Norwich-based Aviva hails progress in turnaround despite floods and pension reforms

Aviva CEO Mark Wilson Aviva CEO Mark Wilson

Thursday, August 7, 2014
9:25 AM

Aviva hailed further progress in its turnaround today despite the dual impact of flooding and the surprise reform of annuity rules on its UK operations.

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The group, which has 31 million customers in 16 countries, reported a 4% rise in half-year operating profits to £1.05 billion as it benefits from a continued drive to improve efficiency.

The cost savings have been offset by winter storms in Canada and the UK, where it faced more than £60 million of claims from flooding and storm damage at the start of the year.

It has also been impacted by a strong pound and the lower sale of annuities for pensions following the Chancellor’s surprise Budget announcement that pensioners no longer have to buy an annuity to draw their pensions.

In Aviva’s UK life and pensions division, the value of new business was down 21% in the half year to £177 million, reflecting a 41% reduction in annuity sales following the reforms. Aviva also reported a general market decline as customers choose to defer taking their pension.

Chief executive Mark Wilson admitted the overhaul by the Chancellor was a surprise but that the group was working to take advantage of the changes.

He said: “I think giving consumers flexibility is a good thing, not a bad thing and we need to adapt. It provides opportunity for new products and we’ve developed those, new ways of distribution and we are developing those as well.”

In the UK general insurance business, weather claims were worse than the previous year but “marginally favourable” against the long term average.

It meant the company’s combined operating ratio - a measure of underwriting profitability, with anything below 100% representing a profit and anything above representing a loss - fell to seven year low of 94.3% in the UK.

Mr Wilson took charge in January last year after the departure of predecessor Andrew Moss in the wake of a humiliating shareholder revolt over his pay and the faltering pace of the business.

Since then he has cut hundreds of jobs and has disposed of several businesses as part of his turnaround strategy.

Across the group, he expects to have cut £568 million a year from expenses by the end of this year, ahead of the £400 million target set in 2012.

Mr Wilson added: “It’s true that all the key metrics are going in the right direction. It’s true that the businesses are gaining traction, that the turnaround momentum continues. But it’s also true that we still have quite a few issues, so we remain a turnaround.”

7 comments

  • jolly spiffing news, so all the premiums have been raised thropuigh the board to pay for the flood damage and alleviation. No wonder some shareholders are gushing with this news of a possible windfall to come, its the customers who pay for these jollys.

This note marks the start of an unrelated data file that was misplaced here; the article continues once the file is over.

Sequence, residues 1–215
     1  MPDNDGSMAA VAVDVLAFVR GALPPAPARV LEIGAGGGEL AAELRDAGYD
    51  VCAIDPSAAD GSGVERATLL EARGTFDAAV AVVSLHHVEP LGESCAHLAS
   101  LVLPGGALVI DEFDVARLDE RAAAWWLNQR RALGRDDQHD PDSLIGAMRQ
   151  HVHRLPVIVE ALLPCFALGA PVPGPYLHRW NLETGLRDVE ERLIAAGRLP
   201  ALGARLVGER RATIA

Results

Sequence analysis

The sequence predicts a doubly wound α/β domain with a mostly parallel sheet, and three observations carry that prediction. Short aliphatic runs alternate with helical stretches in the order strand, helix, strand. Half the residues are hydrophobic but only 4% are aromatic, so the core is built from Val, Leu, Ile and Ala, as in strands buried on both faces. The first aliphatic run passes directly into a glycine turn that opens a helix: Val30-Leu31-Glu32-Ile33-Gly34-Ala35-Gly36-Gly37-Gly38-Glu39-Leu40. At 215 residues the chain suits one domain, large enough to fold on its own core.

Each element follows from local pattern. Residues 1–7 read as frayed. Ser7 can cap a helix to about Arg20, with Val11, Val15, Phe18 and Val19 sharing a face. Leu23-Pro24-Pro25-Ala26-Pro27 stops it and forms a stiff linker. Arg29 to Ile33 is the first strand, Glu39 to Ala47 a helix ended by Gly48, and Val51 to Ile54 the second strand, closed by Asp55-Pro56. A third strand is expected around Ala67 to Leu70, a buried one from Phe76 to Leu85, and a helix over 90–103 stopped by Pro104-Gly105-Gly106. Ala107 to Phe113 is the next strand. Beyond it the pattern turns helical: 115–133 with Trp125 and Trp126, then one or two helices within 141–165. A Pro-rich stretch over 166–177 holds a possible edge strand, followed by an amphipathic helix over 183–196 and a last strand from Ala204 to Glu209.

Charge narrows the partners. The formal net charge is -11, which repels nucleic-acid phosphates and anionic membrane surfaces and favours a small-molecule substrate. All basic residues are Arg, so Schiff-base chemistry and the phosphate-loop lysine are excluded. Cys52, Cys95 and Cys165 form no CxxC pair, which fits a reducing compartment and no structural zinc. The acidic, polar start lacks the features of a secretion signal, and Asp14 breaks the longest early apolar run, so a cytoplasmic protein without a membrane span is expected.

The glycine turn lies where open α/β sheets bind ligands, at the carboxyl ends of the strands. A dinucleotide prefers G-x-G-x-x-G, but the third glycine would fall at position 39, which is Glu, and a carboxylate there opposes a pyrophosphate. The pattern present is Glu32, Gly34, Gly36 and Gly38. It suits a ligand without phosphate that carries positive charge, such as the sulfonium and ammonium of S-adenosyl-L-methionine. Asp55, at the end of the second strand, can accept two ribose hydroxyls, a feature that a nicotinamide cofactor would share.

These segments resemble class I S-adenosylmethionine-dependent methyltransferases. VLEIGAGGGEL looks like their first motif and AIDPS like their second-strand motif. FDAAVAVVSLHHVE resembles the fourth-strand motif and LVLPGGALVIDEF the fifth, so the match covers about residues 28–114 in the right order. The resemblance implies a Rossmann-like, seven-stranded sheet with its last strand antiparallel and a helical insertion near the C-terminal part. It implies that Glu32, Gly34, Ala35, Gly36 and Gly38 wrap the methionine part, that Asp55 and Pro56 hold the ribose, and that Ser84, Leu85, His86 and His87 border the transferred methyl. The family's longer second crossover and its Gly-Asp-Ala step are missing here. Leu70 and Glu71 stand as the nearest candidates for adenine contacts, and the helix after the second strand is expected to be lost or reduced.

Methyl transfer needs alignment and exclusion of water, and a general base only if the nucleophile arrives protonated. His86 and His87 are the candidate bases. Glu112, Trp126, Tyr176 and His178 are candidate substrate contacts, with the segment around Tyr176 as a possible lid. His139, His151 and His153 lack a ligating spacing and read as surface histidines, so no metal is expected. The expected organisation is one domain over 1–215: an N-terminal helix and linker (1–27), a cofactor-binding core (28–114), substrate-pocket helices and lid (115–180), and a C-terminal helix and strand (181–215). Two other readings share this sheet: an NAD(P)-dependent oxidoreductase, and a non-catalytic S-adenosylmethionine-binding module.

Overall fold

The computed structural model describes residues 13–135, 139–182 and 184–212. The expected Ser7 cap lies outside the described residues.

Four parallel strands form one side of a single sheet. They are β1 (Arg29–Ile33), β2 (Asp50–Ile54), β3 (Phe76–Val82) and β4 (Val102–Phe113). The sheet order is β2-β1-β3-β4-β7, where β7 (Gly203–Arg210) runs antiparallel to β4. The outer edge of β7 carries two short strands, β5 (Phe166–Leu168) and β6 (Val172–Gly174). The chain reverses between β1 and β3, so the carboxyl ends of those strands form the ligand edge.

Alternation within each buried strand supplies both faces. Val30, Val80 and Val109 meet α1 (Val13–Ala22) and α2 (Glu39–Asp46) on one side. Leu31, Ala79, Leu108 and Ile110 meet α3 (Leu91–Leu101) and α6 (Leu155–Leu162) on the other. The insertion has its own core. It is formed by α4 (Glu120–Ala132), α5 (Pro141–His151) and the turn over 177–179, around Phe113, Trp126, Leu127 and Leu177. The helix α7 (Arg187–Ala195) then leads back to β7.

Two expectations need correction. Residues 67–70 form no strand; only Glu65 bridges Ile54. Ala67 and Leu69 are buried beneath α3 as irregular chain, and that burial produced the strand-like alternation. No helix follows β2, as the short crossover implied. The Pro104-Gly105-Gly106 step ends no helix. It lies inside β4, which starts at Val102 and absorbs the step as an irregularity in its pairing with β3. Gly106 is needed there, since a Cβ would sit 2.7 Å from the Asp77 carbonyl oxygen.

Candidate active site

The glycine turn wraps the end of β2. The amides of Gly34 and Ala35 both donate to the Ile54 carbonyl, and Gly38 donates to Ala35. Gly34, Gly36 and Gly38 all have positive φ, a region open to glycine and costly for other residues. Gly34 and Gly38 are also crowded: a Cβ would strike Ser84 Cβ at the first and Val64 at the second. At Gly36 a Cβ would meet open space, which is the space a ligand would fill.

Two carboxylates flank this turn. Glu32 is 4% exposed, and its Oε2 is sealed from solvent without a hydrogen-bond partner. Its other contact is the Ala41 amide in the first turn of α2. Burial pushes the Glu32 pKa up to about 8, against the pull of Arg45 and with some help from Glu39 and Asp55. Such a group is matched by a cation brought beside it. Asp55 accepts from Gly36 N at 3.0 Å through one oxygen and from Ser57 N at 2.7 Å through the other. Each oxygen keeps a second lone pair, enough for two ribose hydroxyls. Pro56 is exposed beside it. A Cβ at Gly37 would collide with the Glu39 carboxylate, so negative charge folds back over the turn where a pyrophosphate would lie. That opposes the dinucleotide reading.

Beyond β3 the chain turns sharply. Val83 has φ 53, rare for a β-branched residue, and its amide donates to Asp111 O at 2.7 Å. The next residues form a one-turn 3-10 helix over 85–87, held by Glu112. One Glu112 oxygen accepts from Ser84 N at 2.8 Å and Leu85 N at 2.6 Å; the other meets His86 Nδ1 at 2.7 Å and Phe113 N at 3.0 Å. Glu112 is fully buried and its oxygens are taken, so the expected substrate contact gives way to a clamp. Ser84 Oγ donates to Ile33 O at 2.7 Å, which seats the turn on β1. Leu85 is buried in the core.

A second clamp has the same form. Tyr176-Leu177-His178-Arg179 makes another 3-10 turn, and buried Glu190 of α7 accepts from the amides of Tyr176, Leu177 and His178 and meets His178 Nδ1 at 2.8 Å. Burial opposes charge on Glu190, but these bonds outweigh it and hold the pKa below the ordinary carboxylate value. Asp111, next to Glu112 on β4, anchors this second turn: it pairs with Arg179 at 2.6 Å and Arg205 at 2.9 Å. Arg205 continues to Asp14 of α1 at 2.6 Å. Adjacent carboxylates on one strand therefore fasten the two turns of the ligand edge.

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    ingo wagenknecht

    Friday, August 8, 2014

  • @Rob Whittle-you mean a company owned by and run for the benefit of it's customers. Strange concept that. How would chums in the City get their fingets in the pie? Damned awkward that.

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    guella

    Thursday, August 7, 2014

  • Next years plan = get rid of more staff The year afters plan = get rid of more staff Opps i forgot slashing the redundancy terms first!

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    KeithS

    Thursday, August 7, 2014

  • Mother and I like his face, he looks kind. Warm Regards, Whiley.

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    Whiley Boy

    Thursday, August 7, 2014

  • Jolly well done, that's the shareholders mollified for the time being-trebles all round. The underlying figures though look very grim. Still a turnaround. Would the last person to leave the office please turn out the lights.

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    guella

    Thursday, August 7, 2014

  • I still can't identify with with the global gumpf brand Aviva. Its a nothingless brand. When I look at the statue and clock, marble hall on Surrey street,-Norwich Union comes to mind.

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    Rob Whittle

    Thursday, August 7, 2014

  • Of course Aviva is going to look like it makes more dosh. Get rid of workers you get rid of their salaries. Not paying salaries means more money in the pot. Do you think this is helpful to the people of Norfolk?

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    alecto

    Thursday, August 7, 2014

The views expressed in the above comments do not necessarily reflect the views of this site

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